The accidental landlord: keeping mum to win a school place

Victoria Whitlock risks upsetting Miss Goody2shoes when a friend makes her an offer she ought to refuse
Here I am, confronting a moral dilemma: the mother of a little girl at my son’s primary school (she is also a good friend, by the way) has asked to rent my four-bedroom flat. The trouble is, if I let her move in, will that incur the wrath of other parents? Not that there’s anything wrong with this woman - she’s very nice -but it’s the reason she wants the flat that’s iffy.

The property is on a housing estate very near to a popular Church of England secondary school, close enough to spit on the roof of the science block from the top floors of the flats - in fact, quite a few of the residents do that. Can you see where I’m going with this?

Though my flat doesn’t normally appeal to families (see earlier reference to spitting), this mum is happy to rent it for a short while to secure a place for her daughter at the secondary school. At the moment she lives just half a mile from the school, but her house is a few inches outside the catchment area, which is only 0.45 miles wide. My place is 0.267 miles away. Not that we’ve measured it or anything.

'After all, I'm not running a brothel, but cashing in on parents' desires to get their kids into the best schools might seem as bad'

One or two families from my son’s primary school have moved just a few streets to be closer to the secondary school to secure places for their offspring, but houses within the catchment area are expensive and my friend can’t find anything affordable.

Her plan is to rent my place for a few months then move back to her house once her daughter has got into the school. As it’s a CofE school, another option is for her to drag her daughter to church every Sunday, which would be cheaper but harder on the knees.

I’d love to let my flat to families like hers. She only wants to stay for a few months - just long enough for the school to accept it’s her "permanent" address - but none of my tenants stick around for very long anyway and I might even find other families who want to take her place. However, I’m aware that some people think it’s wrong to move into an area temporarily just to secure a school place and these same people would probably think it immoral of me to facilitate families with such dastardly motives.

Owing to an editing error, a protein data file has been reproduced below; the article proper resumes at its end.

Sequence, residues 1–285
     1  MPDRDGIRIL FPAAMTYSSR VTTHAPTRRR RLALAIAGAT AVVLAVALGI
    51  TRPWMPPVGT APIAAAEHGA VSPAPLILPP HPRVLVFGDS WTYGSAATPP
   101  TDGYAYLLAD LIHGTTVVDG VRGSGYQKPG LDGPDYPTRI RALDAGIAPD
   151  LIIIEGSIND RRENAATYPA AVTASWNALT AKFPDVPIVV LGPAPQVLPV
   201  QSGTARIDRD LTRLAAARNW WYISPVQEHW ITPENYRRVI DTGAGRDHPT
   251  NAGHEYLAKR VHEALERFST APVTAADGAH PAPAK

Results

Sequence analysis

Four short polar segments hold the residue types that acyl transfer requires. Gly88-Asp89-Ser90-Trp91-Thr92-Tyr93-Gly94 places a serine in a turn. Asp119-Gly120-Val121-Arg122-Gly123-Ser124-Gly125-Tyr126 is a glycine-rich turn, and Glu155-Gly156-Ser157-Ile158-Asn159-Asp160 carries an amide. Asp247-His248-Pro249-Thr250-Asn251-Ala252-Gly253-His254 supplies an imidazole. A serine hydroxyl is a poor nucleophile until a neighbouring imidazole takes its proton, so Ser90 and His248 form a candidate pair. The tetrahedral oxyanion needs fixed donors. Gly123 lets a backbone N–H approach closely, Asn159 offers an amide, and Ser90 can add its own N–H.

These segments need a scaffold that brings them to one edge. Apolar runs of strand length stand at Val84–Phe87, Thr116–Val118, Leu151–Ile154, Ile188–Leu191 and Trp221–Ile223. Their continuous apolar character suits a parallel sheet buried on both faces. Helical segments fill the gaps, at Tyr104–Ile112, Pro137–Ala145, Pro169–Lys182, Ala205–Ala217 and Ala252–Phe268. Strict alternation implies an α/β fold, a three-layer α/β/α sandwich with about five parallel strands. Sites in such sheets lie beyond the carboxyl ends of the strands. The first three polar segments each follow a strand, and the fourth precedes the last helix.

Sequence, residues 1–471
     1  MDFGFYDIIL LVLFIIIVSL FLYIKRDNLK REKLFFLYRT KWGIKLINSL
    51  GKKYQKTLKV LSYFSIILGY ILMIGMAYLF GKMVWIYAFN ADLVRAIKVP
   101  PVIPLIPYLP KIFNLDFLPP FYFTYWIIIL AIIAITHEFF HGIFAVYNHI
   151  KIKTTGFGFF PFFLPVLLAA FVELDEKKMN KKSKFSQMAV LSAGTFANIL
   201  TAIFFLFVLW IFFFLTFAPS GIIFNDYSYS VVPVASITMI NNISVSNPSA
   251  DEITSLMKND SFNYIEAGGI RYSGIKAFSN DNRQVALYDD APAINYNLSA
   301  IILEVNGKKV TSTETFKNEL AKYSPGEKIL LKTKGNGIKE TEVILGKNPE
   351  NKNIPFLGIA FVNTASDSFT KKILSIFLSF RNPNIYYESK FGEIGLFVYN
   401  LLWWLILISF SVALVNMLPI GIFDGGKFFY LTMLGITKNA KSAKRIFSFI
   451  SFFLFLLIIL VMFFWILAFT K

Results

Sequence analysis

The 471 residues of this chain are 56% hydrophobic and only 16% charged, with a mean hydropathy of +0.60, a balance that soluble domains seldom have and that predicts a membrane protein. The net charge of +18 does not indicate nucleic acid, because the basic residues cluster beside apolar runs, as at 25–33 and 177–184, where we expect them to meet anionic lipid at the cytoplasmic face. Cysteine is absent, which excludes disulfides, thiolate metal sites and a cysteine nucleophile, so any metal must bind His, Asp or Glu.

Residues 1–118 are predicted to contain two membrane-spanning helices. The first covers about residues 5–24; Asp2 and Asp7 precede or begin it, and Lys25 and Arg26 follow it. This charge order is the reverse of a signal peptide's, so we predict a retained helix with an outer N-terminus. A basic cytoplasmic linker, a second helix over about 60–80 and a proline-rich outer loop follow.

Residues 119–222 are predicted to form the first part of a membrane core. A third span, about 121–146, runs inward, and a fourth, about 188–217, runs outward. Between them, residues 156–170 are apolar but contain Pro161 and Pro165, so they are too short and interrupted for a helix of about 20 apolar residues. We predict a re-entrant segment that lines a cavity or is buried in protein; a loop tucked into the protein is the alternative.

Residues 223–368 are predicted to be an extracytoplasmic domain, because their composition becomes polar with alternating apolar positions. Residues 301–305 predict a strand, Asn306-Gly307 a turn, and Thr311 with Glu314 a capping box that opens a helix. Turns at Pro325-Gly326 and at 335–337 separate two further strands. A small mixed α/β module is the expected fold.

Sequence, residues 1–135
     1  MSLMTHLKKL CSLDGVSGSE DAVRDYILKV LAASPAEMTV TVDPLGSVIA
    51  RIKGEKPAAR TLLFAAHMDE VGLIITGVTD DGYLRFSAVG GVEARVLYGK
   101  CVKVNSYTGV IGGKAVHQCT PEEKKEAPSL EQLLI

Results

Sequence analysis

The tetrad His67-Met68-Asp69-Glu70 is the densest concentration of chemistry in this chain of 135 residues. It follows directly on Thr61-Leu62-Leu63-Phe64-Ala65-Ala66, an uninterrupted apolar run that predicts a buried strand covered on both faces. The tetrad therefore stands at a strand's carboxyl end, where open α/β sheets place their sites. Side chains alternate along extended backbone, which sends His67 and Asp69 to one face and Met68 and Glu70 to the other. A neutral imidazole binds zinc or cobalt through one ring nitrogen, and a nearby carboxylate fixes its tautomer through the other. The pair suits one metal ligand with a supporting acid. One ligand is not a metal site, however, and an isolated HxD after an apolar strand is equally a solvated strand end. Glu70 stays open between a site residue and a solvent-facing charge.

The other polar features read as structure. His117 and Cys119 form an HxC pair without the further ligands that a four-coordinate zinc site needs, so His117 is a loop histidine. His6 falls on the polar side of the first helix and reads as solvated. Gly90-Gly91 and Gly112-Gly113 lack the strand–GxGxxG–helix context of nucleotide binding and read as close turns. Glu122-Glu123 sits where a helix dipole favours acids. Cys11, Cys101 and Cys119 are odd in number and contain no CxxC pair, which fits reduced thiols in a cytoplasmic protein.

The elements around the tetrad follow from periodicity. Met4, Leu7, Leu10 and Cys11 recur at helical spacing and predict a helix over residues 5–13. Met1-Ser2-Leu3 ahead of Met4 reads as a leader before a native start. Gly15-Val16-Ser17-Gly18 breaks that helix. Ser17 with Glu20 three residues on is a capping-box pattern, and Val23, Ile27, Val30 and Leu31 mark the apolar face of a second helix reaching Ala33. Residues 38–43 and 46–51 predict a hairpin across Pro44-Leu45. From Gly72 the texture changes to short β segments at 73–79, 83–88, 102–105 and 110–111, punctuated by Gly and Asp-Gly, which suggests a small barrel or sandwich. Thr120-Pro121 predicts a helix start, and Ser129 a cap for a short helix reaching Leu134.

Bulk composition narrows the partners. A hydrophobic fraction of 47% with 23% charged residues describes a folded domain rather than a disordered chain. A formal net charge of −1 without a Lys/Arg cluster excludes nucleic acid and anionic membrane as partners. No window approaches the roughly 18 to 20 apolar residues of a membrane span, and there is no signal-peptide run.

Renting within school catchment areas is a recurring theme on the parent’s website Mumsnet, where there are plenty of users with nicknames like Justanoldbag slagging off parents who do this sort of thing. There was one thread on Mumsnet where Spidookly told PeppaPigHonk to f*** off when Peppa suggested families should up sticks and move to some mysterious place called "the country" if they wanted their children to go to "nice" schools. I’m with Spidookly on that one.

One user claimed she knew a landlord who’d been ticked off by a local authority for letting their property to a succession of families wanting to get their kids into the local school, but I think Goody2shoes or whatever her name was just made that up. It might be immoral to let to a family working the system, but surely it’s not illegal?

Another user suggested local education authorities spy on families using "known short-term, school access addresses" to make sure they’re really living there. But really, should any of this concern me? After all, I’m not running a brothel, though some Mumsnet users might think that cashing in on parents’ desires to get their kids into the best schools is almost as bad.

Mother-of-two Victoria Whitlock lets three properties in south London.

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